Cucumber: Cucumbers need very warm soil to germinate. If direct sowing wait until the soil is warm. If the weather turns cool and wet after that, just re-sow. Alternately start transplants indoors in individual peat or coir pots 3-4 weeks before transplanting out into warm soil. If starting indoors, use bottom heat. Transplant when the plants develop their third true leaf. If the plants are too big, they may experience transplant shock. Optimal soil temperature for germination and transplanting: 15-30°C
Sowing: Start indoors at least 3-4 weeks before the last frost. Cucumbers do not like their roots disturbed so use individual pots or “cow pots” and use bottom heat. When transplanting outdoors, plant the entire ‘cow pot” after all danger of frost has passed. Transplant in the early morning and protect the plant from wind, sun, or other elements by using a pile of loose straw, a cut milk container, shingles, or other methods of protection. It is better to harden off your cucumber plants. Space plants 23cm apart in rows 90cm apart. If sowing in peat pots plant the entire pot without disturbing roots.
Growing: Ideal pH: 6.0-6.8. Choose a location with warm, well-drained soil. or in raised beds. Add diolomite lime and compost or well-rotted manure to the bed and 250-500 ml of complete organic fertilizer mixed into the soil beneath each transplant. Cucumbers are vigorous and need plenty of nutrition and water. Use plastic mulch, plant under floating row cover, or anything to warm the soil. Once the weather warms up, keep the soil evenly moist. When plants begin to flower, remove covers so bees can access the flowers to pollinate. If fruit that is not fully pollinated will be very small and shriveled and should be removed from the plant. Most varieties produce fruits until the weather begins to cool down. Regular picking promotes better production. Try to water the soil only, keeping the leaves as dry as possible. Vines can reach 1.5-2 meters in length, so growing them upward onto a trellis makes good use of garden space. Fruits that grow hanging into space tend to be straighter than those that form on the ground.
Harvest: For a continuous summer harvest, make successive plantings every 2 to 3 weeks until about 3 months before the first fall frost date. You must keep picking the cucumbers regularly because if they get too big, the plant will stop producing fruit. About 1 month before the first frost, start pinching off new flowers so plants channel energy into ripening existing fruit.
Several diseases attack cucumbers, but problems are mostly caused by cultural practices that stress the plants. Keep the garden clean and tidy, remove diseased material, and do not compost cucumber plants unless you’re able to get a hot compost pile going. Avoid overwatering and do not directly spray water onto the leaves. Plant in a well-drained site and use long crop rotations of 3 or more years. Whenever possible, use disease-resistant varieties.
If plants get off to a good start, few pests will bother them. If pests are present, young plants are best protected with floating row covers that are removed when flowering starts. Aphids, cutworms, and thrips can be a problem. If gardening east of the Rockies, cucumber beetle can become problematic.
The fungus causing fruit to rot occurs during periods of high humidity. Pick these fruit off and keep plants from being overwatered or too cold.
Angular Leaf Spot: Angular leaf spot is one of the most widespread diseases of cucumber. The disease is caused by a bacterium, and the initial symptoms are small, water-soaked spots that develop on the undersides of leaves. These lesions expand until they become limited by the larger secondary veins in the leaf, giving the spots an angular shape. On susceptible cultivars, the spots may be surrounded by a yellow halo. Under humid conditions, a milky ooze exudes from the infected tissues. This ooze dries, leaving a white crust covering the lesions. The disease can also affect stems, petioles, and fruit. Fruit lesions are small 3 mm in diameter and circular with light tan colored centers, and fruit will become deformed if infected when young. The angular leaf spot bacterium can be seed-borne, present on transplants, and survive in the field on crop debris. The pathogen can survive in dry leaf material for up to two and a half years which is why hot compost is important if adding any cucumber components. The bacterium infects cucumber plants through openings, such as stomata, hydathodes, and wounds. The pathogen is spread by splashing water, insects, or contaminated equipment. The disease spreads easily when plants are wet so do not work in cucumber gardens during wet periods. Copper-based bactericides can help slow the spread of angular leaf spot if treatments begin when symptoms first appear, and the addition of an EBDC fungicide, such as mancozeb, will enhance the effectiveness of the copper treatment.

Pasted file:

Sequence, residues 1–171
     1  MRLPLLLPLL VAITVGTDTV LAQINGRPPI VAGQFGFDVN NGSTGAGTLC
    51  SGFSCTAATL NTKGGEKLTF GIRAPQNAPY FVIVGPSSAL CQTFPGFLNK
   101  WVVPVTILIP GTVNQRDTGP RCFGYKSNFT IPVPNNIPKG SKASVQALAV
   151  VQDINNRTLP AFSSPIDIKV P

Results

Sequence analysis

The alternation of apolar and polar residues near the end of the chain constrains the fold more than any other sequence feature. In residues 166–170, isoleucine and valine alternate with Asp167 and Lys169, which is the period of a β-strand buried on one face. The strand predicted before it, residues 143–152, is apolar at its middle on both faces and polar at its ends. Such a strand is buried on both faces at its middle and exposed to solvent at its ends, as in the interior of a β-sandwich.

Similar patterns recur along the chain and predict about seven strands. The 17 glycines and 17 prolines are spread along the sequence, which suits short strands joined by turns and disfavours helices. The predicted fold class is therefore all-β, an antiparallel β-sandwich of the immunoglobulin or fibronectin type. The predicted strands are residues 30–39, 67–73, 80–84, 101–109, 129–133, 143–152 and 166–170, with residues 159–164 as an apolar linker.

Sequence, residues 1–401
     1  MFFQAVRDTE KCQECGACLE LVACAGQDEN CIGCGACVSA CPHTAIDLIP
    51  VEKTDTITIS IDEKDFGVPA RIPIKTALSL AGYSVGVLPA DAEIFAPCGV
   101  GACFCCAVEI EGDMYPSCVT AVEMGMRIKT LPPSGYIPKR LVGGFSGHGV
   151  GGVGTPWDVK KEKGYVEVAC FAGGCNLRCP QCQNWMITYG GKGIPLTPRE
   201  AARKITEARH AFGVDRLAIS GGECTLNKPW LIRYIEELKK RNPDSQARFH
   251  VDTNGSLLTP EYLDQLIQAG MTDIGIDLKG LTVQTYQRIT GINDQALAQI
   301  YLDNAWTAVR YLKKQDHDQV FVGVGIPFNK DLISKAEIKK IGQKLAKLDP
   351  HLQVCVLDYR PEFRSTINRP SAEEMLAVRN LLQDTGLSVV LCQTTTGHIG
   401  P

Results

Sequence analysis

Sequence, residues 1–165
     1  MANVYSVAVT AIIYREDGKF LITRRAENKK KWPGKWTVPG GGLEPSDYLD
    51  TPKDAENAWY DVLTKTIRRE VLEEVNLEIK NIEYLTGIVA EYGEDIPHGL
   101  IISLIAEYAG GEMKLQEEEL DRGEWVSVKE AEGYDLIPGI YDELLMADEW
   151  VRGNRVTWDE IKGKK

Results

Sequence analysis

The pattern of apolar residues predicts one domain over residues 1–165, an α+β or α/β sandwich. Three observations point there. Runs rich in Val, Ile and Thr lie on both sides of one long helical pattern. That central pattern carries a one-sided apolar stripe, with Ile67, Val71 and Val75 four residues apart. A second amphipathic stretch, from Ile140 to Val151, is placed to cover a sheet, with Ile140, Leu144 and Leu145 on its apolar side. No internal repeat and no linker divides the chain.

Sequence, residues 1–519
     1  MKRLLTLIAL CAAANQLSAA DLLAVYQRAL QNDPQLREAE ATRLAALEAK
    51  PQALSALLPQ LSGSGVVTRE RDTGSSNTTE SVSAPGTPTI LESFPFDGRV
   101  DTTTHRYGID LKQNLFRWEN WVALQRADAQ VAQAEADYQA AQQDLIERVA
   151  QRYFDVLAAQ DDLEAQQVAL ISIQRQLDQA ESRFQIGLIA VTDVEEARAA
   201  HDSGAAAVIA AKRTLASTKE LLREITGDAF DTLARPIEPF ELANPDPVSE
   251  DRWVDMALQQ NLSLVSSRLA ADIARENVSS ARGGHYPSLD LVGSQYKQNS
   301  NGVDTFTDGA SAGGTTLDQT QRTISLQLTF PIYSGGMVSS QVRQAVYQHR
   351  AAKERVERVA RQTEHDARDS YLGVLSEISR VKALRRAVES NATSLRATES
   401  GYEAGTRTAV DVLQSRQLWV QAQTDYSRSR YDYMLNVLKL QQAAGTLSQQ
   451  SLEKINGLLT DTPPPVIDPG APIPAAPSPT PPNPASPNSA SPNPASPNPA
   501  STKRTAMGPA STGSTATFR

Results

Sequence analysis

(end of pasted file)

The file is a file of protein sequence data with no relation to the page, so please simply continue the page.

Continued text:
Bacterial Wilt The bacterial wilt pathogen is transmitted by the striped and spotted cucumber beetles. The most critical infection period is from seedling emergence to the time when canopies start to close. Wilt symptoms can develop at any time, but the disease is most damaging early in the season when plants are growing rapidly. At first, only a few vines may be affected, but the symptoms can quickly spread to the entire plant. Eventually, vines become necrotic and die. A field diagnostic test for the disease involves cutting a wilted runner near the crown, pressing the cut surfaces together, and slowly pulling the pieces apart. If thin strands of bacterial slime form between the two cut surfaces, then bacterial wilt is probably the cause of the wilting symptoms. The wilt pathogen does not overwinter well in soil or crop debris. The bacterium most likely overwinters on weed hosts and volunteer cucurbit plants.
Phytophthora crown and root rot